Sesamoid fractures occur when there is either a forceful injury to the area under the great toe joint, or when there is a repetitive microtrauma to that area, such as during continued jumping or foot pounding. The sesamoids are two small egg-shaped bones found underneath the great toe joint. They are a normal part of human anatomy, and sometimes one or both can be found in two pieces if they do not fully fuse during the bone growth phase in childhood. They have a specific stabilizing function during walking and standing, and can be a source of great pain when injured.

The sesamoid bones can fracture into two or more pieces under a number of conditions. Direct trauma to the sesamoid, such as during a fall from a height onto the ball of the foot or from a heavy blunt object smashing into the sole of the foot, can cause the bone to break. Trauma that also forces the great toe upward suddenly also can cause the bones to shear apart.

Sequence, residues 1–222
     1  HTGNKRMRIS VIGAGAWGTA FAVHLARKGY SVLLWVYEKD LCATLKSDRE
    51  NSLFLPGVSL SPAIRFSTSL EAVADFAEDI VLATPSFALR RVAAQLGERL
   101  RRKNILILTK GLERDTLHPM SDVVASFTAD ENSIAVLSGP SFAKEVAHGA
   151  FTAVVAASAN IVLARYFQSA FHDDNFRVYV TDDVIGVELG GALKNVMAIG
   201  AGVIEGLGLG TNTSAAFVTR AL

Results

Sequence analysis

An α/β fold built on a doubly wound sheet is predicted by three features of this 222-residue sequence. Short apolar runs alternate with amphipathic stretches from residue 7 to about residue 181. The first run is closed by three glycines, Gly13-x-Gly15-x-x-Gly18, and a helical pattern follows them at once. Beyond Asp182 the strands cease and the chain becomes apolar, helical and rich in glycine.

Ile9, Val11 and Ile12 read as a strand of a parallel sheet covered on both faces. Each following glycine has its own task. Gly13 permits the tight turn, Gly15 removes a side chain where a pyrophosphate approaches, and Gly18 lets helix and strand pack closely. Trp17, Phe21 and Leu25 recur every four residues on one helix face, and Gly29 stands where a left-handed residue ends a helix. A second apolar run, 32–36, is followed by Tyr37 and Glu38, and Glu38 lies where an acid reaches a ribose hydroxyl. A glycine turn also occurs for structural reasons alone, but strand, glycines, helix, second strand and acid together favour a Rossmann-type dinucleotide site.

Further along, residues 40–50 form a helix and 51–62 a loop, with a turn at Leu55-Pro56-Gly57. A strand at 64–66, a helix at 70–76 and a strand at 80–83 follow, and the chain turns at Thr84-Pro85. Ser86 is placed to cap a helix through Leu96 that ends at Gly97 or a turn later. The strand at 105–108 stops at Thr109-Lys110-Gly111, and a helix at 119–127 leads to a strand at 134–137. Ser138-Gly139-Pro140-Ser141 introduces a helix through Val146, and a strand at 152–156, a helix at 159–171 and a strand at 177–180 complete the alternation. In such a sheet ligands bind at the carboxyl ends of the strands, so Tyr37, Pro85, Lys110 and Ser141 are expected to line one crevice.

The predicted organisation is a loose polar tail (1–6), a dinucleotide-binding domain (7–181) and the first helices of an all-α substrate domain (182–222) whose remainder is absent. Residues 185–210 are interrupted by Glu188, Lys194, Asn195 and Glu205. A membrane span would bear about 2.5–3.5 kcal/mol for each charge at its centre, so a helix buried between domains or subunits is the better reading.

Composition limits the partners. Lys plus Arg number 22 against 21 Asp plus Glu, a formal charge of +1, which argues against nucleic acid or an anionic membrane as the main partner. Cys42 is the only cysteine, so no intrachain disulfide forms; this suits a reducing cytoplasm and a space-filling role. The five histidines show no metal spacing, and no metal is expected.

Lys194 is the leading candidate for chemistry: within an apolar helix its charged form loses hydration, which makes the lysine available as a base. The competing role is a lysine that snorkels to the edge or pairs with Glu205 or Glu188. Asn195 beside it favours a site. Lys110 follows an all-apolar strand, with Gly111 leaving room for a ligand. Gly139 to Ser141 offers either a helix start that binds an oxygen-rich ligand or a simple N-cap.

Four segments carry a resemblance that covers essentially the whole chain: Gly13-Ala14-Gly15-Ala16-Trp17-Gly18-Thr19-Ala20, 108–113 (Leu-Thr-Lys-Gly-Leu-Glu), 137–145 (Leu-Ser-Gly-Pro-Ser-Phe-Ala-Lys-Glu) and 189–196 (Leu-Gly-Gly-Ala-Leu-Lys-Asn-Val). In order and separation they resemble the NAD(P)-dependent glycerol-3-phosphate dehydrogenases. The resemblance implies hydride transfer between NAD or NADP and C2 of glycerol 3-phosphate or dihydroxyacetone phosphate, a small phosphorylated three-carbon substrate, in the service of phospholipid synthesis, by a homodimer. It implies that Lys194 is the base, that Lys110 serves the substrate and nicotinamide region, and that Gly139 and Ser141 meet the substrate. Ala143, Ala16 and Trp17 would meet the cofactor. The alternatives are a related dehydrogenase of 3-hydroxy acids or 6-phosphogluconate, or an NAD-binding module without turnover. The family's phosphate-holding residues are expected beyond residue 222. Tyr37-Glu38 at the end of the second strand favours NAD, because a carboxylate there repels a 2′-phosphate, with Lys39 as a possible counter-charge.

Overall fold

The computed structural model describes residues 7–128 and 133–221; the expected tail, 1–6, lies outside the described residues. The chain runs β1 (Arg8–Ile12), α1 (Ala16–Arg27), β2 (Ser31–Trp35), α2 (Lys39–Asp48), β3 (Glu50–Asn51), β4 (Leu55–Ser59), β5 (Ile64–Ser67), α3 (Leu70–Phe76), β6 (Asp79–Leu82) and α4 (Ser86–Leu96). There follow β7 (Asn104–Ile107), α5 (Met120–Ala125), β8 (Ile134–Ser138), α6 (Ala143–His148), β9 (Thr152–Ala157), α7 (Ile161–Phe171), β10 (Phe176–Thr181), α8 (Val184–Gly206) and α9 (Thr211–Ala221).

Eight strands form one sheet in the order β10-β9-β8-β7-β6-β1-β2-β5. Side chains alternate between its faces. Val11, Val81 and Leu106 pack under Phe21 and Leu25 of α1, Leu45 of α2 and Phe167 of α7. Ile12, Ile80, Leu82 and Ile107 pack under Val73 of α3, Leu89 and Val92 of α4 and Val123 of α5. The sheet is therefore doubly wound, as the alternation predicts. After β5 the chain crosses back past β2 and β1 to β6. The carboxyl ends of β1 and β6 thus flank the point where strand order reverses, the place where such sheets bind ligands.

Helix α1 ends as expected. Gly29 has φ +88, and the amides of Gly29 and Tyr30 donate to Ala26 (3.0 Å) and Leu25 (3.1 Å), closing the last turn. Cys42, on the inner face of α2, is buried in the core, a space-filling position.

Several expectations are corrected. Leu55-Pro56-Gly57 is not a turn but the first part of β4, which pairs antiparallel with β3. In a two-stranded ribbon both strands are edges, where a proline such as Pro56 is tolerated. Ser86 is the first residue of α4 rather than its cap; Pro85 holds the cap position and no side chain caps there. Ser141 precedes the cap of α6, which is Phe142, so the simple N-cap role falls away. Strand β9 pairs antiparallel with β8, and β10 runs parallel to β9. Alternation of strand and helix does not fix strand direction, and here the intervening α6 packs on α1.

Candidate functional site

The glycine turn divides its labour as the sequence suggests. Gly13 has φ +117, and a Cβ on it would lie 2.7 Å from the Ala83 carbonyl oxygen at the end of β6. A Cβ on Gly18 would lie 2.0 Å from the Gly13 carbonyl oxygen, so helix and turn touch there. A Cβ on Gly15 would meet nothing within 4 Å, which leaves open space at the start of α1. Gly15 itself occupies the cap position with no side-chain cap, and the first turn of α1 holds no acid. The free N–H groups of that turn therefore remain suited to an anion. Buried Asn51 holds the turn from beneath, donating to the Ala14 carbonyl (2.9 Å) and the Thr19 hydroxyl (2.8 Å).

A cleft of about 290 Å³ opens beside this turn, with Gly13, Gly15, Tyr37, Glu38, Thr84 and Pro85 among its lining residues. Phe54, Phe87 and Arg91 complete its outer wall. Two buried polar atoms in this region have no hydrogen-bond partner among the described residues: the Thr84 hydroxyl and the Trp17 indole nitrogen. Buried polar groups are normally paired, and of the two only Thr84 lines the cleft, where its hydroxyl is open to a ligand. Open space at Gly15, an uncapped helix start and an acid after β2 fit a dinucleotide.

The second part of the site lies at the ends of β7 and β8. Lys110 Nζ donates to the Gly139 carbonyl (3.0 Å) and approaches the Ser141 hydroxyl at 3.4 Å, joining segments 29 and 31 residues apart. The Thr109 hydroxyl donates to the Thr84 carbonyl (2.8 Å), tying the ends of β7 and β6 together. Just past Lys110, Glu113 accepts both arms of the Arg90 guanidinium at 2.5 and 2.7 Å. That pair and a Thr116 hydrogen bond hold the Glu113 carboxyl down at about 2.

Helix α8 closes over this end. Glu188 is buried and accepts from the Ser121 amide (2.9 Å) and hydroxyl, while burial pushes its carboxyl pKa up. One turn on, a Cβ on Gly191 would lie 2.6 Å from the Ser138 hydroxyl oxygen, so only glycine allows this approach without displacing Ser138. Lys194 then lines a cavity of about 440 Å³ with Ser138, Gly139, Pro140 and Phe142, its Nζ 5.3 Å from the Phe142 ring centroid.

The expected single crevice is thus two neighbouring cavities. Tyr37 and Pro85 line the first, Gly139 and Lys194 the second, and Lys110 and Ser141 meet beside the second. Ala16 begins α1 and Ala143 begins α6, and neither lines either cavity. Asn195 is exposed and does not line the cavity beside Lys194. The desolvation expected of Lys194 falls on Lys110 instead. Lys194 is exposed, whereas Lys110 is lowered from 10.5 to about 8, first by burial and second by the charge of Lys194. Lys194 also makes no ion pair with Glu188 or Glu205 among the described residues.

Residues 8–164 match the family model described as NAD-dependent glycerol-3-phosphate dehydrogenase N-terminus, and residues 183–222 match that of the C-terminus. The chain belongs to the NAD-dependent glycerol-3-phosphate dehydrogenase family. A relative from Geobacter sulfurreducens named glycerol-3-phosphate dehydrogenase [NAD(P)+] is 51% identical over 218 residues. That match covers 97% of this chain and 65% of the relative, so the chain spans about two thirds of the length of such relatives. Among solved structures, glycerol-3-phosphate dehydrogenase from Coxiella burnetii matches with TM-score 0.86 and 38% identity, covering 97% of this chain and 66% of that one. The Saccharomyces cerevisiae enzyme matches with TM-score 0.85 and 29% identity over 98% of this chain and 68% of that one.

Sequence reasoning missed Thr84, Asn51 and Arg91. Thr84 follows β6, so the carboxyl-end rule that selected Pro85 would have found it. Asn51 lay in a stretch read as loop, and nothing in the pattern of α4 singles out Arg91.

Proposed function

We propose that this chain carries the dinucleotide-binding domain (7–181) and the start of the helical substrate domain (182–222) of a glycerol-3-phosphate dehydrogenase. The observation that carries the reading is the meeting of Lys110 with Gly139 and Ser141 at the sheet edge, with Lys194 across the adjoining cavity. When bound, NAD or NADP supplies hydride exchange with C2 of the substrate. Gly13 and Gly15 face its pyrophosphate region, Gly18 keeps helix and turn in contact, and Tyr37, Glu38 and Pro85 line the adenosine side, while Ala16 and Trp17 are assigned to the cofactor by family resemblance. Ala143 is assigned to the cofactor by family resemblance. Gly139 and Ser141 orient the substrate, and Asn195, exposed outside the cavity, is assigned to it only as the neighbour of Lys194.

Stress fractures, in which the bone is not completely broken but is microscopically damaged and cracked, can occur when there is a constant source of stress or excessive loading on the bone. This can occur in sporting situations in which there is frequent jumping, as well as in occupational situations such as when one has to leap off of platforms or from a height frequently. The damaged bone is essentially fractured from within, and eventually may convert to a full fracture if the stress continues.

Sesamoid fractures are healed for the most part by immobilizing the foot in a walking boot or cast to limit great toe motion and pressure to the ball of the foot. The healing process may take longer than other bones in the foot, at least partly owing to the more limited blood supply the sesamoids have. A healing time of eight weeks is not uncommon. Stress fractures may take even longer to heal. In certain situations, such as when the fractures are not healing or when the fracture obliterates the bone into many small pieces, the bone must be removed to relieve the pain. Called a sesamoidectomy, this procedure involves complete removal of the fractured sesamoid. Sometimes this removal can affect the position and stability of the great toe to some degree, but the risk is often necessary to relieve pain when nothing else will.